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Bradshaw v. Integon National Insurance Co.

United States District Court, S.D. Florida

December 10, 2019

Jay Bradshaw, Plaintiff,
v.
Integon National Insurance Company, Defendant.

          ORDER GRANTING MOTION TO DISMISS

          ROBERT N. SCOLA, JR. UNITED STATES DISTRICT JUDGE

         Now before the Court is the Defendant Integon National Insurance Company's (“Integon”) motion to dismiss. The Plaintiff Jay Bradshaw failed to timely respond to Integon's motion to dismiss.[1] For the reasons set forth below, the Court grants Integon's motion to dismiss (ECF No. 6).

         1. Background

         This action arises from an insurance dispute, where Bradshaw sued in Miami-Dade Circuit court because Integon failed to pay the full amount on the adjustment of damages sustained to Bradshaw's property. (ECF No. 4-4 at ¶ 13.) The case has since been removed to this Court. (ECF No. 1.)

         Integon issued a homeowner's insurance policy to the named insured Seterus, Inc. and the borrower Jay Bradshaw. (ECF No. 1-4 at 4.) The complaint alleges that Bradshaw's home suffered water-related structural damages, and that Integon breached the contract because it did not pay the full amount needed for repairs. (ECF No. 4-4 at ¶¶ 8, 13.) The policy at issue covered the water leaks. (Id. at ¶ 11.) However, the policy explicitly defines the Seterus, Inc. as the named insured and Jay Bradshaw as the borrower to the contract, and states:

The contract of insurance is only between the NAMED INSURED and Integon National Insurance Company. There is no contract of insurance between the BORROWER and Integon National Insurance Company. The insurance purchased is intended for the benefit and protection of the NAMED INSURED, insures against LOSS only to the dwelling and OTHER STRUCTURES on the DESCRIBED LOCATION, and may not sufficiently protect the BORROWER'S interest in the property. No coverage is provided for contents, personal effects, additional living expense, fair rental value or liability…”

(ECF No. 1-4 at 4.)

         2. Legal Standard

         A court considering a motion to dismiss, filed under Federal Rule of Civil Procedure 12(b)(6), must accept all of the complaint's allegations as true, construing them in the light most favorable to the plaintiff. Pielage v. McConnell, 516 F.3d 1282, 1284 (11th Cir. 2008). Although a pleading need only contain a short and plain statement of the claim showing that the pleader is entitled to relief, a plaintiff must nevertheless articulate “enough facts to state a claim to relief that is plausible on its face.” Bell Atl. Corp. v. Twombly, 550 U.S. 544, 570 (2007). “But where the well-pleaded facts do not permit the court to infer more than the mere possibility of misconduct, the complaint has alleged-but it has not shown-that the pleader is entitled to relief.” Ashcroft v. Iqbal, 556 U.S. 662, 679 (2009) (quoting Fed.R.Civ.P. 8(a)(2)) (internal punctuation omitted). A court must dismiss a plaintiff's claims if she fails to nudge her “claims across the line from conceivable to plausible.” Twombly, 550 U.S. at 570.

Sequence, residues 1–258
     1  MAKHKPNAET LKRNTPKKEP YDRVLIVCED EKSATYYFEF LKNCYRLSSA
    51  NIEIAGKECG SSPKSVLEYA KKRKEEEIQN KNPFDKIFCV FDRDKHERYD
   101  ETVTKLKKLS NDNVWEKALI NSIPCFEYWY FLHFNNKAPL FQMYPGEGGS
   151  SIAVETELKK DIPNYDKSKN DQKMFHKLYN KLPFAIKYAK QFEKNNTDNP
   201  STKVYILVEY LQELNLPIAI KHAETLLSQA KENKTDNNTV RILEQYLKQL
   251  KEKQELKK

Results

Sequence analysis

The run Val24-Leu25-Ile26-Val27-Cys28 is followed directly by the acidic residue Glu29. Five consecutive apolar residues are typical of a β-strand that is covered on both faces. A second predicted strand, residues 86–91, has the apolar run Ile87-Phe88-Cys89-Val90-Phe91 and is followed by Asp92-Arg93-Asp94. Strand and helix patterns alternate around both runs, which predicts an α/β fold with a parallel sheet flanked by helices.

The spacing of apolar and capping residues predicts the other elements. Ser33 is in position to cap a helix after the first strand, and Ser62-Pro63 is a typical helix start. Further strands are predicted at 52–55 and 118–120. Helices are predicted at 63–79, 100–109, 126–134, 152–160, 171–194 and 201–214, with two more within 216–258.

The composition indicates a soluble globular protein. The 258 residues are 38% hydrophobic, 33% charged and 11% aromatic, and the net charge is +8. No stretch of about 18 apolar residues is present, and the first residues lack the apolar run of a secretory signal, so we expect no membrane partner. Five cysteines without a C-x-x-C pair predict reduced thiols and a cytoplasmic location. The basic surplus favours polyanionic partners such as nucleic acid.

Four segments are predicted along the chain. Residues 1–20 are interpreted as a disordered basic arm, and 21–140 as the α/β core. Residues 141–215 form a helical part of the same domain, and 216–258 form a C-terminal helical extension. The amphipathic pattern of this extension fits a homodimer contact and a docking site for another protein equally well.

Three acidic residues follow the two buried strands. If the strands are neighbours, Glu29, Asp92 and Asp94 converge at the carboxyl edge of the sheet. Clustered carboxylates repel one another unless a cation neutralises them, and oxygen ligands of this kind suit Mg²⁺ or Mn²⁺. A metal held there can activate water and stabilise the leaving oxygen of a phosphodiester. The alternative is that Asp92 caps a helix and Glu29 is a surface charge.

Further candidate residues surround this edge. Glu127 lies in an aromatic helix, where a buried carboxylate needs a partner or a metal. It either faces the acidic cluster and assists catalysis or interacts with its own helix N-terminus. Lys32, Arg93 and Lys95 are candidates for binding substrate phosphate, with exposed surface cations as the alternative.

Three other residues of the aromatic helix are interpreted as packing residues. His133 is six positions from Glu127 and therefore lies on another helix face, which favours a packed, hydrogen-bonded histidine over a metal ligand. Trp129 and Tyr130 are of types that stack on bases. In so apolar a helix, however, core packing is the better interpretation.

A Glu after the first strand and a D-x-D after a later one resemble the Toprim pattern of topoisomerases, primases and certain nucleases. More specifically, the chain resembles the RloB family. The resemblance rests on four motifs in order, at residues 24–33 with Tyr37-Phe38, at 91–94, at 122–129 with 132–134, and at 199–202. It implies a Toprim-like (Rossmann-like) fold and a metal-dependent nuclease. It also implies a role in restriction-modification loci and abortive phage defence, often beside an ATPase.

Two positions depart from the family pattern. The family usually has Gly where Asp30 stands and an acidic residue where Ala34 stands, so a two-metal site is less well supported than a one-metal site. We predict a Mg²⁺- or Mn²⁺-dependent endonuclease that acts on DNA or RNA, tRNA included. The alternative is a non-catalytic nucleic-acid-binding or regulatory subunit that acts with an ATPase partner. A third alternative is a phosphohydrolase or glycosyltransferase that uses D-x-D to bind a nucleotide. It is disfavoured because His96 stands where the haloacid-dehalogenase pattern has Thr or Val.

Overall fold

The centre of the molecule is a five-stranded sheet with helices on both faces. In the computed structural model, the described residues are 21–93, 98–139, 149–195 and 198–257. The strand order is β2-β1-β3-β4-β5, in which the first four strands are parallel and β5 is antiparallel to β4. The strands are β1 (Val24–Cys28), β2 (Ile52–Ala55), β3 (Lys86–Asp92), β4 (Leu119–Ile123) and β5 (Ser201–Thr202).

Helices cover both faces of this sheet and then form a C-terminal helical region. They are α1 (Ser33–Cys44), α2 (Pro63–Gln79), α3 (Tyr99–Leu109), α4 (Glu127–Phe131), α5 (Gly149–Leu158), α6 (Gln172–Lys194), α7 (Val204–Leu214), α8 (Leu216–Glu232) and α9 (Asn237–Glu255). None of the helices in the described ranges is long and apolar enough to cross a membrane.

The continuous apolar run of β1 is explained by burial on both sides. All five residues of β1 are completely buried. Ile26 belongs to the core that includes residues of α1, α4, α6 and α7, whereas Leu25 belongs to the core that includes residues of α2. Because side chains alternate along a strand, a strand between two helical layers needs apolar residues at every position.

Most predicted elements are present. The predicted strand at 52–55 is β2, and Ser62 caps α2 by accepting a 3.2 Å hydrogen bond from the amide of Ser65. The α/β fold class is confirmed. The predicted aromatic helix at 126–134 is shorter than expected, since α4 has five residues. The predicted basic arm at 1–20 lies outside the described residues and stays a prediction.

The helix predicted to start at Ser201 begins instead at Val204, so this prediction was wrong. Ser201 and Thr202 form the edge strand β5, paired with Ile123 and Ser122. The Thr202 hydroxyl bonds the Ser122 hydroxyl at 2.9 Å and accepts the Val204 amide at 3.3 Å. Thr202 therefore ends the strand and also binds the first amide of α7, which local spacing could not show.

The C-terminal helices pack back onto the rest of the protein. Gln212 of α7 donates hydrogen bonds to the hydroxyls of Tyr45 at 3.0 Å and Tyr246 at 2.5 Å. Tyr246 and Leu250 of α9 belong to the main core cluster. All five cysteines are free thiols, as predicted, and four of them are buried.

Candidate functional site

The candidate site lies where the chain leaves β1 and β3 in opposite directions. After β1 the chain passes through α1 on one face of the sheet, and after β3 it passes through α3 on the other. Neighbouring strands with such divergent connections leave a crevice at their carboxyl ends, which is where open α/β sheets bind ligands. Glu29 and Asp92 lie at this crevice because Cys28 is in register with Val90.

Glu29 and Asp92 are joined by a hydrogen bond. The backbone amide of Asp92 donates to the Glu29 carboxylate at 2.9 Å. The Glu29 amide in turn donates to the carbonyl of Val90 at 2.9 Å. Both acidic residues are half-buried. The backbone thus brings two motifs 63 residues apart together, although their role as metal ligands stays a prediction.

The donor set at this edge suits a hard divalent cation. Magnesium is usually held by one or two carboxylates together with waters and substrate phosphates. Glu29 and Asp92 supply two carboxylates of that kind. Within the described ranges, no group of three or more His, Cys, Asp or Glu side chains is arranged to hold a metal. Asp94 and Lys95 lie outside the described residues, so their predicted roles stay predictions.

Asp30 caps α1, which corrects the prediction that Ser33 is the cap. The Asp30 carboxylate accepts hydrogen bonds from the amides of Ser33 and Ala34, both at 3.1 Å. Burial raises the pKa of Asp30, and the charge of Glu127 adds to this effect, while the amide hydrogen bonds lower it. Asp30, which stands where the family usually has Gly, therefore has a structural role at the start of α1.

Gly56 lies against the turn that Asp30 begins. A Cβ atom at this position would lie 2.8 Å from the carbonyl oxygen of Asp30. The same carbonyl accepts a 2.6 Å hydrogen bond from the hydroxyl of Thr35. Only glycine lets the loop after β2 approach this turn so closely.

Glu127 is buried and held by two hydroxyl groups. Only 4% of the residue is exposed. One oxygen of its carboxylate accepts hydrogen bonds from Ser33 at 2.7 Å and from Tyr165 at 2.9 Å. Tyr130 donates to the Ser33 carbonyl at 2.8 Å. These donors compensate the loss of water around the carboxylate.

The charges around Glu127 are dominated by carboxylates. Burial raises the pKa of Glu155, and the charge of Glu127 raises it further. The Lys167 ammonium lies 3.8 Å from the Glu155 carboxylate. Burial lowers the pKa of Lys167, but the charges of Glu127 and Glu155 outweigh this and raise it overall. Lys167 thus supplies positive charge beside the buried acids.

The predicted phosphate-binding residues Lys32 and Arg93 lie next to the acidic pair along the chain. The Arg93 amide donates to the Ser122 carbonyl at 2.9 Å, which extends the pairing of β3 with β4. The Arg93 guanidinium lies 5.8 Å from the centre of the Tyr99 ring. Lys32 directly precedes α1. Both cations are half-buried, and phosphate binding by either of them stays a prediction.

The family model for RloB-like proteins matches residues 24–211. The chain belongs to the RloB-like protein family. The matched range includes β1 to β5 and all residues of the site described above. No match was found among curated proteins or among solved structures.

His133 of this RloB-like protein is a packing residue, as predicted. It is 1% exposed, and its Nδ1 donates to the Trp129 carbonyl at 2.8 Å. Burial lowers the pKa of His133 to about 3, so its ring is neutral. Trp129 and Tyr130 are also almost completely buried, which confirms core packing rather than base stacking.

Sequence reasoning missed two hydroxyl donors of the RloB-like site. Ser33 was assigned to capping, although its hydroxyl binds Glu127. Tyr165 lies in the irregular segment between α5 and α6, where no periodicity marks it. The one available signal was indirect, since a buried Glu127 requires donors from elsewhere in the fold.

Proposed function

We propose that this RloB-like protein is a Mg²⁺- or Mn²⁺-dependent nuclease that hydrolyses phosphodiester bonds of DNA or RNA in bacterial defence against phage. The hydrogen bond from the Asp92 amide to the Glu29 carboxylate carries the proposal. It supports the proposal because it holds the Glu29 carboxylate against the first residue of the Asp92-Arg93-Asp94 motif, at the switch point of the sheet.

3. Discussion

         As a nonparty to the insurance policy, Bradshaw lacks standing to bring a claim for breach of the policy. An entity may not bring a claim for breach of a contract to which it is not a party. See Caretta Trucking, Inc. v. Cheoy Lee Shipyards, Ltd., 647 So. 1028, 1030-31 (Fla. 4th DCA 1994) (“A person who is not a party to a contract may not sue for breach of that contract where that person receives only an incidental or consequential benefit from the contract.”); Biscayne Investment Group, Ltd. v. Guarantee Management Services, Inc., 903 So.2d 251, 254 (Fla. 3d DCA 2005) (“Unless a person is a party to a contract, that person may not sue for breach of that contract where the non-party has received only an incidental or consequential benefit of the contract.”). The contract states that only the named insured, Seterus, Inc., and Integon are parties, and that “[t]here is no contract of insurance between the BORROWER [who is defined as Jay Bradshaw] and Integon.” (ECF No. 4-4 at 4.) Moreover, Bradshaw has not alleged that he has a claim as an intended third-party beneficiary to the policy. C.f. Foundation Health v. Westside EKG Assoc., 944 So.2d 188 (Fla. 2006) (a claim for breach of a third-party beneficiary contract requires “the clear or manifest intent of the contracting parties that the contract primarily and directly benefit the third party”). Therefore, since Bradshaw is not a party to the contract, his one-count complaint, alleging a claim for breach of contract, must be dismissed.

         4. Conclusion

         In sum, the Court grants the Defendant Integon National Insurance Company's motion to dismiss (ECF No. 6). The case is dismissed without prejudice, and with leave to file a new civil action. The Clerk is ...


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